The Act permanently extends the above-the-line deduction for elementary and secondary–school teachers’ classroom expenses. It also modifies the deduction by indexing the $250 ceiling amount to inflation beginning in 2016. Additionally, the Act includes “professional development expenses” within the scope of the deduction.
Transit Benefits Parity
The Act permanently extends parity among transit benefits. These include van pool benefits, transit passes and qualified parking.
Distributions from IRAs
The Act permanently extends the provision for individuals age 70 1/2 and older to be allowed to make tax-free distributions from individual retirement accounts (IRAs) to a qualified charitable organization. The treatment continues to be capped at a maximum of $100,000 per taxpayer each year.
Qualified Conservation Contributions
A special rule allows contributions of capital gain real property for conservation purposes, with the contribution to be taken against 50 percent of the contribution base. Under the Act, this special rule is permanently extended. It is also modified for Alaska Native Corporations.
Qualified Tuition/Related-Expenses Deduction
The Act extends through 2016 the above-the-line deduction for qualified tuition and fees for post-secondary education.
Mortgage Debt Exclusion
The Act excludes from income cancellation of mortgage debt on a principal residence of up to $2 million ($1 million for a married taxpayer filing a separate return) through 2016. The Act also modifies the exclusion to apply to qualified principal residence indebtedness discharged in 2017 if discharge is made under a binding written agreement entered into in 2016.
Mortgage Insurance Premium Deduction
This measure treats mortgage insurance premiums as deductible interest that is qualified residence interest subject to AGI phase-out. The Act extends this special treatment through 2016.
Code Section 25C Credit
The Act extends through 2016 the Code Section 25C residential energy property credit.
Production Tax Credit
The FY 2016 omnibus extends the production tax credit (PTC) for wind energy through 2019 but subjects the credit to phase-down.
The FY 2016 omnibus extends the solar investment tax credit and the credit for qualified residential solar property but subjects the credits to phase-down. Under the omnibus, both credits will not be available after 2021.
Energy-Efficient Commercial Buildings Deduction
The Act extends through 2016 the deduction for energy-efficient commercial buildings. Additionally, the Act updates the energy-efficient standards.
Production Credit for Indian Coal Facilities
The Act extends through 2016 the production credit for qualified Indian coal facilities. The Act removes certain limitations and allows the credit to be claimed against the AMT.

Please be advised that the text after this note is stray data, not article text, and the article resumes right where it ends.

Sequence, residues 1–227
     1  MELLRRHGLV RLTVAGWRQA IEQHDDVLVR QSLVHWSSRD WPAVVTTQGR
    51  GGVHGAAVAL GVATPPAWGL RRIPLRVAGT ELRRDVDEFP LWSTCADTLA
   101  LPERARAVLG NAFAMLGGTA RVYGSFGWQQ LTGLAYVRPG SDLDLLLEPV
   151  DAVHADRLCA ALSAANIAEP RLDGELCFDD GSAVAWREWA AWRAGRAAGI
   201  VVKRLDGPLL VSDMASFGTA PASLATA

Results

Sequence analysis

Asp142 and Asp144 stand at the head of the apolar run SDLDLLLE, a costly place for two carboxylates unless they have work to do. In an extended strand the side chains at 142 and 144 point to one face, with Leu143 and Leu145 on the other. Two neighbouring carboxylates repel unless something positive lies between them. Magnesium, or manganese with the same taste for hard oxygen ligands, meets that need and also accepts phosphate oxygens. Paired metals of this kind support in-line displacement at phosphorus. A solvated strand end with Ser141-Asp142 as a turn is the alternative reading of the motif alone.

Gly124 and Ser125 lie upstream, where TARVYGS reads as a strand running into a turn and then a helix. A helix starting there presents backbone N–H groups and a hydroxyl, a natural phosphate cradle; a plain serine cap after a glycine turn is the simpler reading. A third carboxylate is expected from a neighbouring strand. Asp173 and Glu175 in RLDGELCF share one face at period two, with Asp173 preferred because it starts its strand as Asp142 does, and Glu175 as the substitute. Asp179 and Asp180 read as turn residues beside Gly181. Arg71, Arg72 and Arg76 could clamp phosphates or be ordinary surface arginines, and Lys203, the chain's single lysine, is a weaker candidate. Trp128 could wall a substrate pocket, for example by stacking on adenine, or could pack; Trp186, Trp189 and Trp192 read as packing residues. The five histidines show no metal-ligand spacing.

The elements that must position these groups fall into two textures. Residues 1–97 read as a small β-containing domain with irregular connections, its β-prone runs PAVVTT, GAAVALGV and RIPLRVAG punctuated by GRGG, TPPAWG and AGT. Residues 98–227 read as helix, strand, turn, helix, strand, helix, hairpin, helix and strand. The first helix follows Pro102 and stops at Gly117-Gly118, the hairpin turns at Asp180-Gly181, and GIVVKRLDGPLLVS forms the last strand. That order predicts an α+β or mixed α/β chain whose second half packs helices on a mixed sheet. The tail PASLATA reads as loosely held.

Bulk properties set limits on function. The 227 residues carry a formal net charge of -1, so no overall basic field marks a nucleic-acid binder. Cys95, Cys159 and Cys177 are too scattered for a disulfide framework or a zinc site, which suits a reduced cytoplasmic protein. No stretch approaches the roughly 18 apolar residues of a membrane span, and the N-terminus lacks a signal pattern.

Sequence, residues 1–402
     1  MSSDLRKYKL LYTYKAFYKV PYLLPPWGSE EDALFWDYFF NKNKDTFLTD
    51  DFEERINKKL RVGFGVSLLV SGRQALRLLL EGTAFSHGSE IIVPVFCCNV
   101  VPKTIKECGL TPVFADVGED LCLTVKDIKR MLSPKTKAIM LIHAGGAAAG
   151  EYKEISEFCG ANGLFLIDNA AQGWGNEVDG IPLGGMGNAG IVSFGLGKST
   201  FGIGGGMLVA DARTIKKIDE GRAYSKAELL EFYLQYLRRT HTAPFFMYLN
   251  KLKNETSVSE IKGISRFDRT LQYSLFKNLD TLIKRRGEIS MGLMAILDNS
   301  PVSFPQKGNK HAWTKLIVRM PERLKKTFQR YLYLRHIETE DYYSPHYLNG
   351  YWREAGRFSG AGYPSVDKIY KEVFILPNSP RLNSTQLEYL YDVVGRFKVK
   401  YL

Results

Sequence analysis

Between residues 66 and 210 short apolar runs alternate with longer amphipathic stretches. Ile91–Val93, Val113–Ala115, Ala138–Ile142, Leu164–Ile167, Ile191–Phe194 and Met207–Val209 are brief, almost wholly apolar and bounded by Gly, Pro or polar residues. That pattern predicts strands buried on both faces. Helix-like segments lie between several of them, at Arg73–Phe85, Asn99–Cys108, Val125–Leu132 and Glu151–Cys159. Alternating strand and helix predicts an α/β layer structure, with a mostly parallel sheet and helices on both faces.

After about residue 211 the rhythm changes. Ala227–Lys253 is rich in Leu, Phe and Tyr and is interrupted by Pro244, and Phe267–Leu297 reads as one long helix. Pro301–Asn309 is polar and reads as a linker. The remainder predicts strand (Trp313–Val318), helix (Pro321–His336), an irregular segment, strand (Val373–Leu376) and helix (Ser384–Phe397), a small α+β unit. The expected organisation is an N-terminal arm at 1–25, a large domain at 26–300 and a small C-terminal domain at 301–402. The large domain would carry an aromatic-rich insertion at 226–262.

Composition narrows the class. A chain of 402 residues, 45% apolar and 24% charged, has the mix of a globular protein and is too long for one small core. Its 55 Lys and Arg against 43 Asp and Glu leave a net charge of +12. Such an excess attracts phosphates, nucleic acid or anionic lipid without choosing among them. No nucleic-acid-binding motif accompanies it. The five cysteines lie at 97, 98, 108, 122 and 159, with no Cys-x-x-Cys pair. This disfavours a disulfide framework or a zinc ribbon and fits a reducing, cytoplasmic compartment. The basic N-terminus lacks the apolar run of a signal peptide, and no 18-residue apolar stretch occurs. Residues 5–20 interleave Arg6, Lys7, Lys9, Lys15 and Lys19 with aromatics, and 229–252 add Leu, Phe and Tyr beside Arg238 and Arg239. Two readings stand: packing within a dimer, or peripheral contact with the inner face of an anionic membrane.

Code Section 199 Deduction
The FY 2016 omnibus temporarily exempts a certain percentage of transportation costs of qualified independent refiners for purposes of the Code Section 199 deduction. The measure applies to tax years beginning after December 31, 2015 but is unavailable in tax years beginning after December 31, 2021.
More Energy Extenders
Also extended by the Act through 2016 are:
▪ Credit for alternative fuel refueling property
▪ Credit for 2-wheel plug-in electric vehicles
▪ Second generation biofuel producer credit
▪ Biodiesel and renewable diesel incentives
▪ Credit for energy-efficient new homes
▪ Special allowance for second generation biofuel plant property
▪ Special rules for sales/dispositions to implement FERC
▪ Excise credits for alternative fuels.
AFFORDABLE CARE ACT
The Act delays for two years the ACA excise tax on high-dollar health care plans, known as “Cadillac” plans. The Act also provides that payments of the tax will be deductible against income tax.
The Act imposes a moratorium on the ACA excise tax on qualified medical devices for two years. The tax will not apply to sales during calendar years 2016 and 2017.
Health Insurance Provider Fee
The FY 2016 omnibus imposes a moratorium for one year (2017) on the ACA’s health insurance provider fee.
Code Section 529 Plans
Under the Act, the purchase of computer equipment and technology with a distribution from a Code Section 529 plan is permanently considered a qualified expense. The Act also removes certain distribution aggregation requirements and allows the redeposit-it of 529 funds without penalty in certain circumstances when tuition is refunded.
The Act allows for amounts from 529 accounts to be rolled over to an ABLE account penalty-free, subject to certain limitations. The Act also removes the prior law requirement that ABLE accounts may be established only in the state of residence of the ABLE account owner.
The Act makes some technical corrections and clarifications to the revision of partnership audit rules in the Bipartisan Budget Act of 2015. Of particular note is a new Code Section 6225(c)(5) that governs “specified passive activity loss” of partners in certain publicly traded partnerships.
Effective for tax year 2016, the Act provides that C corporation timber gains are subject to a tax rate of 23.8 percent.
Under the Act, qualified individuals may generally roll over amounts from an employer-sponsored retirement plan to a SIMPLE IRA.
The Act includes technical amendments to prior legislation related to amounts received in certain bankruptcies by qualified airline employees and rolled over.
The Act clarifies the treatment of early retirement distributions for nuclear materials couriers, United States Capitol Police, Supreme Court Police, and diplomatic security special agents.
Code Sec. 501(c)(4) organizations